Over the last two decades, inverters have become one of the most popular pieces of equipment on cruising boats. In fact, new boats that don’t carry inverters are now the exception. Even so, for many sailors, their inner workings remain a mystery. More importantly, few cruisers fully understand the specifics and hazards of installing them.
Inverters electronically convert the power from 12- or 24-volt DC batteries to 120- or 240-volt AC current (the same as shore power or household electricity, albeit with lower capacity). Most inverters are also capable of reverse operation to create battery voltage from the power derived from either a shore-power connection or a generator. In other words, they’re battery chargers too, and often very effective ones.
| |Most inverters require “class T” fuses, like the one employed here.|
Because of the loads involved, the supply cables for inverters are big (depending upon the unit’s output and the cable length, they can be thumb-size or larger). So the positive cable must be protected by a fuse, which in turn must be installed close to the power source, either the battery bank or positive bus. ABYC guidelines dictate that the distance between the fuse and battery be no more than 7 inches (however, if the cable is supplementally sheathed, or housed within a conduit, it may be as long as 72 inches).
Additionally, most inverter manufacturers employ a specific type of “class T” fuse, rather than the more common and less expensive ANL-series fuses. The difference between them is in their “arc interrupt capacity,” a matter that becomes more important as battery-bank capacity increases. In addition to a fuse, for both servicing the inverter and disabling it in the event of a fire or malfunction, an inverter’s DC supply cabling should also be equipped with a disconnect switch.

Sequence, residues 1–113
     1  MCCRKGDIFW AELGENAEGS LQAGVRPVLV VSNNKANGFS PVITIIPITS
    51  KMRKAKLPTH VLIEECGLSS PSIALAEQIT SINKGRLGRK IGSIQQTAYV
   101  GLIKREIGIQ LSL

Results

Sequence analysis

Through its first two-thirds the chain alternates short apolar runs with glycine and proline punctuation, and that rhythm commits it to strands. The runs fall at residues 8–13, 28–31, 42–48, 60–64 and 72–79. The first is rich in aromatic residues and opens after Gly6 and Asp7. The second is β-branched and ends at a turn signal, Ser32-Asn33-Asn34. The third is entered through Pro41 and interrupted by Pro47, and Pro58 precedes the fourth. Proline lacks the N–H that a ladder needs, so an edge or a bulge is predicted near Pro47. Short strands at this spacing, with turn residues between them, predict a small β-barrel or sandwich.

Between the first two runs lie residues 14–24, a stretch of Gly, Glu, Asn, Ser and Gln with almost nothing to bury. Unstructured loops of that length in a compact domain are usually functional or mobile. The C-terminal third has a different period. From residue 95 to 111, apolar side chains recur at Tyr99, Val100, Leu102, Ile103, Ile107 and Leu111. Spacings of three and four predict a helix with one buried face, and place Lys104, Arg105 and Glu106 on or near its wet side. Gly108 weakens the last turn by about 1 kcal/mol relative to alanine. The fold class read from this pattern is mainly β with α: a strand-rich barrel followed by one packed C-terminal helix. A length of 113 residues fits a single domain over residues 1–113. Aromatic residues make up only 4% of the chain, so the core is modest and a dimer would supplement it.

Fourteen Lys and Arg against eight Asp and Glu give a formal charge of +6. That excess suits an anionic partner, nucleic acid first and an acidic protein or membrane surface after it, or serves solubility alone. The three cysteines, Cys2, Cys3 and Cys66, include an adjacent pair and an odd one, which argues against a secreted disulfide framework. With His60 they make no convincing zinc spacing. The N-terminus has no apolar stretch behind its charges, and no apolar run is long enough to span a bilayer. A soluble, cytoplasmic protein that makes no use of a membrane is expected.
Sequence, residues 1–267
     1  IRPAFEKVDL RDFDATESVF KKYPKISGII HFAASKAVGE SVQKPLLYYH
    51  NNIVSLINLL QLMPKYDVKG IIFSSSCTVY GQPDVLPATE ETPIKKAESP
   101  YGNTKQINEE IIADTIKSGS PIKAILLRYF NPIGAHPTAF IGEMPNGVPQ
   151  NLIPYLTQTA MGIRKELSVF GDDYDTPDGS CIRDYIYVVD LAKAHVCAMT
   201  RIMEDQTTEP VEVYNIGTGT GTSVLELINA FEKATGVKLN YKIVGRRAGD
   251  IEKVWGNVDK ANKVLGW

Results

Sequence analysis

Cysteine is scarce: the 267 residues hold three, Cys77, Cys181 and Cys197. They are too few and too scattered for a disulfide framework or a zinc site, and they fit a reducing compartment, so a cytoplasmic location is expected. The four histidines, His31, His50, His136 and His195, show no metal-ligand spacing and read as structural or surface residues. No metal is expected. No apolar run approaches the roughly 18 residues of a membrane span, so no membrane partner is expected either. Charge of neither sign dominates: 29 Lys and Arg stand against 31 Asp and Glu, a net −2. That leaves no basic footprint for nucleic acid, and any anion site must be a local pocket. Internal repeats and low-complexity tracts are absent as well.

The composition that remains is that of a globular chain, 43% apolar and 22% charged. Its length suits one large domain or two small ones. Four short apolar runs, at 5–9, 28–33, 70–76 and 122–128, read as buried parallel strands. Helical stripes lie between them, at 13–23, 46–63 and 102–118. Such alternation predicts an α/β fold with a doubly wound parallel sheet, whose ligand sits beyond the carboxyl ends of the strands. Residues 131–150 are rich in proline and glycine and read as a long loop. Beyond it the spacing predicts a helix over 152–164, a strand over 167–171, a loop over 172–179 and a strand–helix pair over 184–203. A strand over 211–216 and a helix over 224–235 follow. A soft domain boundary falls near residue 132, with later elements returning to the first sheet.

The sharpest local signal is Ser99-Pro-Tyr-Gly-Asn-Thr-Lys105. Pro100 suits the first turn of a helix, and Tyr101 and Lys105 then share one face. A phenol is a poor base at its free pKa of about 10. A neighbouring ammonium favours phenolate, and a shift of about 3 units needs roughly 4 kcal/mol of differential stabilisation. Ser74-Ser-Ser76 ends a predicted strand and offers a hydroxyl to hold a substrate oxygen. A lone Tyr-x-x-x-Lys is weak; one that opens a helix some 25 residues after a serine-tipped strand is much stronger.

| |With no strain relief or chafe protection, this wiring is a safety hazard.|
Most inverter manufacturers are very clear about how and where to install their products. This is partially a fire-prevention issue; internal components can sometimes “spill” from an inverter’s heated louvered surfaces onto a wood or composite shelf. For this reason, several suppliers prohibit inverters from being installed on horizontal surfaces. And inverters should never be installed directly above battery banks.
To reduce the likelihood of electrocution, the inverter chassis must be bonded or grounded. While that’s also typical of most shore-powered appliances, the inverter is different. Because it’s also connected to the DC system with those aforementioned large cables, the ground wire must be capable of conveying fault current from either the AC or DC system. Therefore, the inverter’s chassis ground must be the same size as the DC system’s positive cable, a fact that surprises even many boatbuilders and professional installers.
The final issue in many inverter installations is the manner in which the AC cables pass through the inverter’s metallic case. Rather than simply passing through a sharp metal hole, these wires should always rely on strain-relief connectors or cord grips. The latter serve two important purposes. First, they prevent the connections within the inverter from being stressed if the cable is pulled or tugged (I saw this happen when a boat hook became entangled with the wire and the owner’s teenage grandson simply heaved harder, yanking the energized cables out of the inverter). Second, they prevent the cables from chafing against the case, again leading to possible electrocution.